I’ve been reading too much Wilkie Collins lately, and not even the good stuff such as The Woman in White and The Moonstone, but also the lesser-known works from the 1850s through to his last published novel in the late 1880s. I’ve now read, I think, every Collins novel, in addition to much of his shorter works of fiction and journalism. I’m exhausted and overloaded. Reading excessive amounts of popular Victorian fiction skews your sense of the world. Collins is especially compelling because he is so in touch with the mid-Victorian taste for scandal and intrigue, and indeed much of his work seems to strike a common chord with today’s scandal-mongering, sensationalist media. His stories read familiar now because he invented many of the narrative twists and turns we find in popular fiction, film, and television. I’ve begun to think in popular narratives. I see character development as an occasional happy accident of an ingeniously constructed plot. Collins has convinced me to see the world his way, and not without a fair amount of irritation.

While reading the critical heritage of Collins’s novels, I noticed recently that Victorian critics often compare his lack of success as a high-standing artist to the overwhelming success of George Eliot’s major novels. Intrigued, and frankly exhausted from too much Collins, I picked up a copy of Eliot’s Felix Holt, the Radical a few nights ago. It’s become my go-to bedtime novel. I know, Eliot is not exactly the most relaxing of bedtime reading, but strangely it has become a welcome respite from the excesses of Collins’s fiction. More importantly, Eliot’s novel (and it’s not even one of her best) has reminded me how intellectually and psychologically compelling literature can be. Strangely, I had forgotten about Eliot. How is this possible, given the endless number of stunning passages one finds in her novels? I’m not exactly sure of the answer, but here’s a passage about strength of character that I found especially intriguing the other night while reading Felix Holt:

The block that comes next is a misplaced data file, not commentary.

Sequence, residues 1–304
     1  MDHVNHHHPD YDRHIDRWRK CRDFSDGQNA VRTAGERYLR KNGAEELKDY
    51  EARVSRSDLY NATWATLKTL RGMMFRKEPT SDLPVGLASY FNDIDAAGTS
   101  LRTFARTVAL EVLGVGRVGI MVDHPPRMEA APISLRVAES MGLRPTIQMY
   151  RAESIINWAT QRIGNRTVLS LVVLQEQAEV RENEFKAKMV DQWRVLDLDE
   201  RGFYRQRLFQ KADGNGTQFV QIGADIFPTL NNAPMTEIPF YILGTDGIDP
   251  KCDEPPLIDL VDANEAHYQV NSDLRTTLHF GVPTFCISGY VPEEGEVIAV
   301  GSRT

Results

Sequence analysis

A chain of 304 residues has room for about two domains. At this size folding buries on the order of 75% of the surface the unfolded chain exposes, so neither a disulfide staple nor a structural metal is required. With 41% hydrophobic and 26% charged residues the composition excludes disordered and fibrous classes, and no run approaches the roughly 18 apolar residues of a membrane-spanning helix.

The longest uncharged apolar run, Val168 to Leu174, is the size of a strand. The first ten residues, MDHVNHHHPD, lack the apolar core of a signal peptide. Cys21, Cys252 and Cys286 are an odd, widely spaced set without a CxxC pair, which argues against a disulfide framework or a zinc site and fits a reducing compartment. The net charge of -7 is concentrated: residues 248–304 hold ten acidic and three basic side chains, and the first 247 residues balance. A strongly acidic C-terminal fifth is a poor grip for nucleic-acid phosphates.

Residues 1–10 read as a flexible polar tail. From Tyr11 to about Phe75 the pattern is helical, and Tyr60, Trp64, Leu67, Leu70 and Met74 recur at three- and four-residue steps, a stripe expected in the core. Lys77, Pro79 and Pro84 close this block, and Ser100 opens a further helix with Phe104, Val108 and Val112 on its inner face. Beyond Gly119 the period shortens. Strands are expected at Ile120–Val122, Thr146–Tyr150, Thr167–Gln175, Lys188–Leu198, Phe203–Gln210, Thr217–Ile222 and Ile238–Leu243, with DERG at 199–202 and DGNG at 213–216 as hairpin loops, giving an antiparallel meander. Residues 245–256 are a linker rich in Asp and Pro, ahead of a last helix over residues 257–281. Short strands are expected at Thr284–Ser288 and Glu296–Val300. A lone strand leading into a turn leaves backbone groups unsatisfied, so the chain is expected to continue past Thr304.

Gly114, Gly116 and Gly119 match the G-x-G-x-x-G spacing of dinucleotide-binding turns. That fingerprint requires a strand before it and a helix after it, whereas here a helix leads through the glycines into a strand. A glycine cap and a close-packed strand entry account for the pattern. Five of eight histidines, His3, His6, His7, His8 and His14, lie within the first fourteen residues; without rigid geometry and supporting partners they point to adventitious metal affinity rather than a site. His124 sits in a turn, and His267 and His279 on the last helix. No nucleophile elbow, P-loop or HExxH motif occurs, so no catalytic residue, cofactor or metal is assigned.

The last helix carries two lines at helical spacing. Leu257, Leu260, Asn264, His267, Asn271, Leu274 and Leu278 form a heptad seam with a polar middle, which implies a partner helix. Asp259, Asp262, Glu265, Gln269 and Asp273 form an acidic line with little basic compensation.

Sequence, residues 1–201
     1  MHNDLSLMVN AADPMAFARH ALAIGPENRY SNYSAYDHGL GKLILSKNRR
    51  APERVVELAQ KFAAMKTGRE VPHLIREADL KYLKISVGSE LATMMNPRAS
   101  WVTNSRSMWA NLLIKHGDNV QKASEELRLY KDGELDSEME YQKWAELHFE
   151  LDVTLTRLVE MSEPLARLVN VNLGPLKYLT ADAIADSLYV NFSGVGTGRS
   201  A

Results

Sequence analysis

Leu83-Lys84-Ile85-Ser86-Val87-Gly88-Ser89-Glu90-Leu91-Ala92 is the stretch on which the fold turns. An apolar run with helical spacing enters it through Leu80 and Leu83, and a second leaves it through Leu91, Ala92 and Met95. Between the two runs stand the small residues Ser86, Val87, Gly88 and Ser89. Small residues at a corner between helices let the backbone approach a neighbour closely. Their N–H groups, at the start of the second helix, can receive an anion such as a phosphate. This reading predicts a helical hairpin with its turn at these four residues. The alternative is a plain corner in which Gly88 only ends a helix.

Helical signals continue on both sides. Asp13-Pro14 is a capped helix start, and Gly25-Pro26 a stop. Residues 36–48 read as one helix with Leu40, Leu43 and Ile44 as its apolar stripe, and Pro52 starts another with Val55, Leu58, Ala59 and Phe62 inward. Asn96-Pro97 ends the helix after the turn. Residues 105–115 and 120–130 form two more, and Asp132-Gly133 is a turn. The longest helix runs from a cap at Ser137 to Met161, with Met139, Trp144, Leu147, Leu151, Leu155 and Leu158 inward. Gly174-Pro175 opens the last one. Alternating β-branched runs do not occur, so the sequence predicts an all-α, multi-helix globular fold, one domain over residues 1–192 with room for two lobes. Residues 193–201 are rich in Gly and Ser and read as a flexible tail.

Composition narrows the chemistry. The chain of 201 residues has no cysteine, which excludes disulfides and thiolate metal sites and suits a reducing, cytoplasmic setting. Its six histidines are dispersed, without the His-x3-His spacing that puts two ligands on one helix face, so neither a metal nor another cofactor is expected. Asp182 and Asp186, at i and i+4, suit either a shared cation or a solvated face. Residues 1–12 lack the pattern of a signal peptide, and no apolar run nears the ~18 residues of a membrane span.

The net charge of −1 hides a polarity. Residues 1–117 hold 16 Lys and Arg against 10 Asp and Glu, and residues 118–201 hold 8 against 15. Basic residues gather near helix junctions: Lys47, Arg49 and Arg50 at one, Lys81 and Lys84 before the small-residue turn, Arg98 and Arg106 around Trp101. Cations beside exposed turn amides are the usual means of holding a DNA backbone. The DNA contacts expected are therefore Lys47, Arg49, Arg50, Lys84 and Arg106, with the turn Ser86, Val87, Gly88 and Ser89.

“The stronger will always rule, say some, with an air of confidence which is like a lawyer’s flourish, forbidding exceptions or additions. But what is strength? Is it blind willfulness that sees no terrors, no many-linked consequences, no bruises and wounds of those whose cords it tightens? Is it the narrowness of a brain that conceives no needs differing from its own, and looks to no results beyond the bargains of to-day; that tugs with emphasis for every small purpose, and thinks it weakness to exercise the sublime power of resolved renunciation? There is a sort of subjection which is the peculiar heritage of largeness and of love; and strength is often only another name for willing bondage to irremediable weakness.” (Chapter VI)

You won’t find passages like this in a Collins novel. Eliot often startles with her attention to the contradictions present in human motivation. Her insights stretch the limits of conventional wisdom, while challenging our assumptions about the order of things. Collins, on the other hand, provides his readers with at-times challenging, and even subversive, commentary on Victorian morality and hypocrisy, but his narrative asides always seem to read like nothing more than very articulate platitudes or nuggets of conventional wisdom. Secrets will reveal themselves, truths will be exposed despite social pretensions, and we are all in some form or another on the verge of psychic madness. This is what I love about Collins, but sometimes, just sometimes, I actually find it refreshing to read Eliot’s commentaries on character, motivation, and psychic life.

I’m wondering if I’m the first person to ever refer to Eliot’s fiction as refreshing. I’ve certainly never heard such praise espoused by any of my colleagues or former professors. What do you think?

6 thoughts on “Just a little late for Eliot month…

  1. I really like how, while you note the critical tendency to dichotomize Eliot and Collins’s “success” here, you also align them according to their seeming desire to challenge Victorian social hypocrisy.